By ALAN SWERDLOW
Parkland / Directed by Peter Landesman / PG13
As I’m sure you’re well aware, last year marked the fiftieth anniversary of the assassination of John F Kennedy. If you were anywhere near a newspaper or television you could hardly miss it, since the media (perhaps I should have capitalised that – The Media) reached saturation point and had a field day. Any number of documentaries were produced, some tired old evaluations were trotted out along with tired new evaluations, and whole new generations of conspiracy theorists sprang up like so much khakibos after a Highveld rainstorm.
I even caught a screening of Oliver Stone’s JFK on late night telly, which does creak so now – not so much Heart Of Darkness as Heart Of Chemically-Induced Paranoia. I’m still uncertain as to whether the multiple broadcasts of Marilyn Monroe’s breathy rendition of Happy Birthday, Mr President were intended as breath-taking post-modern irony or were simply an insensitive gaffe. Yet the events 22 November, 1963, still fascinate.
One of the more sober works produced for the anniversary is Parkland, written and directed by Peter Landesman, making his feature film debut (his previous work has been in the realm of documentaries), with Tom Hanks on board as producer. It’s an account of three days in that fateful November: the immediate lead up to the cavalcade through Dallas and Dealey Plaza and the two days subsequent to the assassination.
That’s all – and what’s more, it concentrates on the figures on the sidelines, the doctors and nurses at Parkland Hospital, the Secret Service drones and the FBI operatives, Abraham Zapruder (whose unintentional footage of the moment of assassination is still being analysed frame by frame) , and Lee Harvey Oswald’s brother, a hardworking clerk at a Dallas business.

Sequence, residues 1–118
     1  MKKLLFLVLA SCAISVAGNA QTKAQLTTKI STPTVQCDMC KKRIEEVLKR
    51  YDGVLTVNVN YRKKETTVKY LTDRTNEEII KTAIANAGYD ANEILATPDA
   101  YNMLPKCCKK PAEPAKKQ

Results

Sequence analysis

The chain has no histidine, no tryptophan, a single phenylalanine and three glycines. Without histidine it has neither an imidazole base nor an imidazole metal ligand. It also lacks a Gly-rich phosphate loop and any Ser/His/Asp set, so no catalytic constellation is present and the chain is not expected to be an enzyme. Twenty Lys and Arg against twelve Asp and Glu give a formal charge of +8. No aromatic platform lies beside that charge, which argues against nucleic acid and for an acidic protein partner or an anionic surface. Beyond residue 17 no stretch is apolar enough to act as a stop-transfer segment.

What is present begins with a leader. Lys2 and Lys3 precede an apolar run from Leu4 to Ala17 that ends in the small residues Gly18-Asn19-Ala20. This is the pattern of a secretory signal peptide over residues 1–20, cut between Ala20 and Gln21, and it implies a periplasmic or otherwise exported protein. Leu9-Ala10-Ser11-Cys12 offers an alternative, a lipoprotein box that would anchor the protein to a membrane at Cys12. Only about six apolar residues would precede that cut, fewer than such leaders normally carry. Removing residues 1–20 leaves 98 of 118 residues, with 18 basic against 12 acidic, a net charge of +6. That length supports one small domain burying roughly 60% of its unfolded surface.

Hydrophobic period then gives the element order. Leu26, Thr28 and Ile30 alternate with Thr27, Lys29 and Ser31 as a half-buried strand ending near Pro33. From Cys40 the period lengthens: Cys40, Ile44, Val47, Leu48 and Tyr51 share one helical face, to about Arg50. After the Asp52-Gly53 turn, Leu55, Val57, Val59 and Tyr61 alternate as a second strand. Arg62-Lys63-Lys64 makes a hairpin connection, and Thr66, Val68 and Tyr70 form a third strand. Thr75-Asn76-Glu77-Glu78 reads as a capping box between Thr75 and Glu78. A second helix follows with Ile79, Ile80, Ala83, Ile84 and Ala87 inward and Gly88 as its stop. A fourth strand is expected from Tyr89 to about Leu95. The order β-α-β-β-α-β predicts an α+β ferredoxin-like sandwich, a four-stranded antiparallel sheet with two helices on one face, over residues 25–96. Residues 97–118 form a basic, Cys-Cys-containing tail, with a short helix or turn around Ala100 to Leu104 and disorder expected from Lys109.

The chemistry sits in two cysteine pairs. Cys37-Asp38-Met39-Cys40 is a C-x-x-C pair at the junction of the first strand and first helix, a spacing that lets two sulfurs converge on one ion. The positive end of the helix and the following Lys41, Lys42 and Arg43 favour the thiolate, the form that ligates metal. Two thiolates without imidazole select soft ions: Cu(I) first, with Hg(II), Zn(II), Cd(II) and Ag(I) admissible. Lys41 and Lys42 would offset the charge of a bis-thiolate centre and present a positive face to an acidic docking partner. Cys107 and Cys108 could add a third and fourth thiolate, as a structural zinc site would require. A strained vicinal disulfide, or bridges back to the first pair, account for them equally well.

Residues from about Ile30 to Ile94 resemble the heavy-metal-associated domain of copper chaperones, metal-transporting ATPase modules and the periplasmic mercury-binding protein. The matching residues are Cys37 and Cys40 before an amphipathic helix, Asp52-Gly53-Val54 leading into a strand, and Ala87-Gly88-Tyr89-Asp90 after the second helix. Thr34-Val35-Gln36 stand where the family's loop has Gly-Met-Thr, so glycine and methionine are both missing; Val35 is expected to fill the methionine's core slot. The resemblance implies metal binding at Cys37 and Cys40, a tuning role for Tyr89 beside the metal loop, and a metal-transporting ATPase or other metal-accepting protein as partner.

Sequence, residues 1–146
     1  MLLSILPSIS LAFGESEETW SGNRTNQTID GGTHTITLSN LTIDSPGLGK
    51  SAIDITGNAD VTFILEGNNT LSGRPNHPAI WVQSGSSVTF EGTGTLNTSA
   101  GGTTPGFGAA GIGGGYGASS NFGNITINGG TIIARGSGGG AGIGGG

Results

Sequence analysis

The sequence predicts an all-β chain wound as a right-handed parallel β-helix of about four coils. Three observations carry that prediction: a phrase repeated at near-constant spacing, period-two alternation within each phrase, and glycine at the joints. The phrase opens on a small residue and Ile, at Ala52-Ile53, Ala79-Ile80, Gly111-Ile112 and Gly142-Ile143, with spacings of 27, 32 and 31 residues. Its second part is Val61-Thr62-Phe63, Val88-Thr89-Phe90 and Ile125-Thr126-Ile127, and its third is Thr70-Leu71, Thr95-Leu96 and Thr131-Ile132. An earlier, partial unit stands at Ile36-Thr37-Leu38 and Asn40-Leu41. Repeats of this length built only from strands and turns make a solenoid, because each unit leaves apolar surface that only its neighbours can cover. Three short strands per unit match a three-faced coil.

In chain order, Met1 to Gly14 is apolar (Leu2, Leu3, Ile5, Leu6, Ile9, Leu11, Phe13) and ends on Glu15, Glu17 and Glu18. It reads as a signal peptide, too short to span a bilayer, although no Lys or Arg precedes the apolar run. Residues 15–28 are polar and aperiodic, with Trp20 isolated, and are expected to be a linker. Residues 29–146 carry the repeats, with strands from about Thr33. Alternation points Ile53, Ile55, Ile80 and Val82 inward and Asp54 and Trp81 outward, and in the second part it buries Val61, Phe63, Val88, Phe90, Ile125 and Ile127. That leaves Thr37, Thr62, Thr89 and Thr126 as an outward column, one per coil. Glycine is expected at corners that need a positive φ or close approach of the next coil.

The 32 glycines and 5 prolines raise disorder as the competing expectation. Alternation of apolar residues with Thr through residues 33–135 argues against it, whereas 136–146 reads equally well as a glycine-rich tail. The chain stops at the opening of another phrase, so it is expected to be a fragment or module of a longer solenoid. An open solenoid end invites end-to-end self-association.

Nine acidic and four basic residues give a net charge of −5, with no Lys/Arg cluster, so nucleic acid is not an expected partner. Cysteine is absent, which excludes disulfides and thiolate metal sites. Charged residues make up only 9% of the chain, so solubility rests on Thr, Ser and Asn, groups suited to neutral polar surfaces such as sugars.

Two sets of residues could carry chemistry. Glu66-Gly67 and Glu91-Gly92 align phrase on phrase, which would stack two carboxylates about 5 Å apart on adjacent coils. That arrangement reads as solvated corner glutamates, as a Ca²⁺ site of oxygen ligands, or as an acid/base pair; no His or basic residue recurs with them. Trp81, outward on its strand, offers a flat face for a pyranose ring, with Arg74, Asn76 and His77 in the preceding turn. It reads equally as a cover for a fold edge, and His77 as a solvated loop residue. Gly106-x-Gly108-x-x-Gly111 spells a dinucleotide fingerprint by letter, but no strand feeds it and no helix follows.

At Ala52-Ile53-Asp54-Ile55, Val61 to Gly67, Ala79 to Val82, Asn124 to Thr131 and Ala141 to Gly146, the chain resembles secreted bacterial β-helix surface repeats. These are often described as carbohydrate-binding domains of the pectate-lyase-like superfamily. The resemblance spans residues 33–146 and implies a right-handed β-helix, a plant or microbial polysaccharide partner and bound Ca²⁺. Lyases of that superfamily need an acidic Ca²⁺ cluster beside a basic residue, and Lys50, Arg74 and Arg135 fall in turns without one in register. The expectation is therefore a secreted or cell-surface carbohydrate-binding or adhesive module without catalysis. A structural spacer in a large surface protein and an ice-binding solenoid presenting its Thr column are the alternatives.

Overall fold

This switch of focus from the actual historical events to the reactions to the events is what gives Parkland much of its strength and grace. When Stephen Sondheim’s musical Assassins (which tackles the issue of why so many assassinations occur in the United States) was staged at the Donmar Warehouse in London, he was asked to provide an additional song especially for that production. Sondheim came up with Something Just Broke. It catalogues the responses to the perennial question, “Where were you when you heard that Kennedy had been shot?”, and is sung by characters identified simply as Housewife, Schoolteacher, Farmer and Clerk. Sondheim says the song had a negative response in the US in subsequent revivals, but he regards it now as absolutely vital to the meaning of the show.
Parkland was not well received in the US, and I think it was for the same reasons. The film is essentially about small, personal responses and not the grand sweep of history nor wild surmise or crackpot theorising. I think those who turn to conspiracy theories cannot assimilate the true horror that terrible things happen for no reason at all, and what we see as this film progresses are individuals computing the after-effects on a very personal level. Landesman’s film is sober, restrained, cool (who remembers one of the great films of the Sixties, Medium Cool?) and measured. He has a knockout cast including Marcia Gay Harden, Billy Bob Thornton, Zac Efron (yes, as a young houseman on duty at the hospital when Kennedy is brought in), Jackie Earle Haley, and Paul Giammati giving his best performance to date as the anguished Abraham Zapruder.
Landesman captures a marvellous image by focusing the camera on Zapruder at the moment Kennedy is hit (we do see the footage later, but obliquely). Instead it is as if Zapruder is struck by the bullet, but he carries on filming. Marcia Gay Harden also has a splendid reaction when her character – head nurse in Emergency at Parkland – realises that Oswald’s body is headed for the same treatment room that housed Kennedy. Likewise, though we do see some documentary footage of Kennedy’s State Funeral, Landesman is at his most effective detailing the events of Oswald’s burial. He’s not shy either, to portray Oswald’s mother as the baroque grotesque she is reputed to have been and ultimately, the most moving performance comes from James Badge Dale as Lee Harvey’s brother Robert, a man who simply tries to keep breathing as his world implodes.
At this time of hysterical (and utterly distasteful) near prurience over the trial of Oscar Pistorius, I fear that Parkland won’t find much favour with the South African public because of its restraint, but when it comes to considered, rational and intelligent film-making, it checked most of the boxes in my book.